Empathy a way to become a better person
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“In sympathy, you get into the position of the other. In empathy, you do not get into the position of the other. You’re the other.”

There are a lot of times that we have heard the word “empathy”. Yet, few of us will know exactly what it means and how it is defined. Empathy is defined as a person’s ability to make emotional matching with someone else to make him feel that he is not alone and helpless. It’s in a nutshell “step in someone’s shoes”, something that means that one person is able to put himself in the position of the other, experiencing the same feelings.

Differences between empathy and sympathy

“I feel with you. I feel what you feel, I leave your misery or your problem or your joy to get into my brain. To become part of me, so I share what you tell me and I feel with you.”

To show sympathy is another thing – far away. “I’m sorry, what a pity”. Words that do not come inside of you, or come out of you. While a simple head movement and a movement, something like caress, a touch, even with absolute silence, is able to become empathy. The feel what the other person feels, get into his place. It is not easy, however, to explain in words the great difference of “I feel”, even if I say nothing, in contrast with the “sympathy” that, as honest as it may be, keeps the doors half-closed.

The term “empathy” resembles the word “sympathy”, but it is not identical and it is beyond that meaning. The deep understanding and participation in the mental state of another who suffers. The concept of sympathy includes elements of compassion, consolation, and agreement.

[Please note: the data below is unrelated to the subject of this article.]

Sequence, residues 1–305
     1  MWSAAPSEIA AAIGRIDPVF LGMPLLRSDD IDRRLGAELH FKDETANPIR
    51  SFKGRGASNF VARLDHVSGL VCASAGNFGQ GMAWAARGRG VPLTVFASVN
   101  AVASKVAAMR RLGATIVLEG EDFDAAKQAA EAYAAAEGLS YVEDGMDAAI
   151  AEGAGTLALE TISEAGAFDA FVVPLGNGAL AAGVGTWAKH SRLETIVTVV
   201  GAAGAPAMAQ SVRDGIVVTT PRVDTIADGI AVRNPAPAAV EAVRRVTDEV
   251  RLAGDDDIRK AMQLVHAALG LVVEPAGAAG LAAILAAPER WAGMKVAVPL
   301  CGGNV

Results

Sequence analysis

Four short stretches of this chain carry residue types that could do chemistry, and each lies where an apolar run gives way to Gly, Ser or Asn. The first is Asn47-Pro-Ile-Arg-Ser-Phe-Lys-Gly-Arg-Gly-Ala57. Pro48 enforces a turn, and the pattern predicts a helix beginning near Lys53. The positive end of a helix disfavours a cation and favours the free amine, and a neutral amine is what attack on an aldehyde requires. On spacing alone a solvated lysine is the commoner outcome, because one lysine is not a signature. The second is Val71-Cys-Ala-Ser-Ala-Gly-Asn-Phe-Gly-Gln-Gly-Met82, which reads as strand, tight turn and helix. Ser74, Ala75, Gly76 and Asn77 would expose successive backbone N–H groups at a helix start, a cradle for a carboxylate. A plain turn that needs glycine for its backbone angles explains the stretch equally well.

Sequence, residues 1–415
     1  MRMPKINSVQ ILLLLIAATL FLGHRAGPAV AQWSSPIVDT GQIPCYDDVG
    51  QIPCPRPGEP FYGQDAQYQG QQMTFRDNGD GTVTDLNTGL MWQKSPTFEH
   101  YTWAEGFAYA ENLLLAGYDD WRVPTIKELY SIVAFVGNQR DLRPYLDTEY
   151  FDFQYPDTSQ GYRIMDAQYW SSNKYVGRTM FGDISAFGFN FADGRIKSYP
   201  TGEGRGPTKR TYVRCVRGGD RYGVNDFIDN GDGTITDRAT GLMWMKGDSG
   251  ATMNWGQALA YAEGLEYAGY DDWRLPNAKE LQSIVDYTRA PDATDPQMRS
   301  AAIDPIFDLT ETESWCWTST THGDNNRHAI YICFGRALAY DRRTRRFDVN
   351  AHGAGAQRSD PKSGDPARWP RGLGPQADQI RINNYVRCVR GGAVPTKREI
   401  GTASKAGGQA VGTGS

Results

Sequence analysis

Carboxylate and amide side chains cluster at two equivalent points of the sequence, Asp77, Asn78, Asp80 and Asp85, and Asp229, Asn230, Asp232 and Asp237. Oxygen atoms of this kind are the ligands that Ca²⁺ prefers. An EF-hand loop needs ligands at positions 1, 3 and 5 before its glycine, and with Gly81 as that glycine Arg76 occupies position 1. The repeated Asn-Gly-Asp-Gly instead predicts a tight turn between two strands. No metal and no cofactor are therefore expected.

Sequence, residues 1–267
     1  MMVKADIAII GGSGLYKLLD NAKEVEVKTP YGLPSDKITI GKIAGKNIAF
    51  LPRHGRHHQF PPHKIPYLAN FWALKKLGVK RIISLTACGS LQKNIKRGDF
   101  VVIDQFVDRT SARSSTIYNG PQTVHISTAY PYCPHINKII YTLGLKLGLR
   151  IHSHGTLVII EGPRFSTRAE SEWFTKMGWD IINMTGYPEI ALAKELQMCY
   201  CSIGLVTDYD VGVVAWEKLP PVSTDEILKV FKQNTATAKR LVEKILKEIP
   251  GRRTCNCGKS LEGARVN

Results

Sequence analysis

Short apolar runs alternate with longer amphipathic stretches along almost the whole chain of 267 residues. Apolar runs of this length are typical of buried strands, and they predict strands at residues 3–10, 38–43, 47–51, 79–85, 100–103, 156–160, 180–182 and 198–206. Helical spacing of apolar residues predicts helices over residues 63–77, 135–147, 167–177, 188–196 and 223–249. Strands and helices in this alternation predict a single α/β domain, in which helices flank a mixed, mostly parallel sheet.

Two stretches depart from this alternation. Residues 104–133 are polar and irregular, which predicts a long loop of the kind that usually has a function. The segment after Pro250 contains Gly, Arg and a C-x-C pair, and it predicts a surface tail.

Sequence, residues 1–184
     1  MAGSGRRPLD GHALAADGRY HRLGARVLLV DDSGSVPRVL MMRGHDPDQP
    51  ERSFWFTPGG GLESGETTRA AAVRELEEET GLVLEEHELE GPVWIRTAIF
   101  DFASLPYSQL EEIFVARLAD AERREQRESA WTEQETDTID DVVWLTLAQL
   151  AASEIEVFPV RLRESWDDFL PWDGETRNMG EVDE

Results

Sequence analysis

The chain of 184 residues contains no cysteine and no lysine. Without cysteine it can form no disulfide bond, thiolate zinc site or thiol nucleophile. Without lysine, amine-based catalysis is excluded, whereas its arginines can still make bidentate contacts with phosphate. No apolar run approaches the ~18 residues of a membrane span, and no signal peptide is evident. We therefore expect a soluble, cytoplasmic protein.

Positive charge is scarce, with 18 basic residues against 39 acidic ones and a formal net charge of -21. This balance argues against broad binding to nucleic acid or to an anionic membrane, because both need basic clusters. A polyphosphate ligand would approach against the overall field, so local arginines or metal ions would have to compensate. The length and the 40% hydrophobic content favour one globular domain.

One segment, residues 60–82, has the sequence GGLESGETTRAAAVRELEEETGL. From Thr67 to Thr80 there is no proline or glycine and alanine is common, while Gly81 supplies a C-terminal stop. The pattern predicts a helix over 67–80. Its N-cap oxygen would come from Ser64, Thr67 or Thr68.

In general, in the “sympathy”, the attention of the individual turns to his own feelings and supposed similarity to those of the other, without losing his personal identity, whereas in the empathy the attention of the individual turns to the emotions of the other while losing his own.

How do we cultivate empathy?

Showing empathy and solidarity to people, who belong to different ethnic groups, is something that people are able to learn and cultivate. Although this was empirically known from a long time ago, nowadays it was scientifically confirmed, thanks to the collaboration of two research teams working at the University of Zurich and at University College London.

The findings of their research are set out in an important article entitled “How Learning Shapes the Empathic Brain”, just published in the Proceedings of the National Academy of Sciences. By the term “empathy” modern science describes our almost magical ability to recognize, and above all, to experience in the first person, the inner and personal experiences of others. Thus, empathy is not just a neologism, but a fundamental, innate function, as well as the inalienable component of our interpersonal or social relationships.


However, the manifestations of this inherent capacity are significantly influenced by external-social factors and are regulated by our experiences. For example, our preconceived views or prejudices are able to affect, how much empathy we show off in our social relationships. All investigations said that the manifestations of empathy are clearly depleted against the “foreigners”, like people from different ethnic, religious or cultural groups.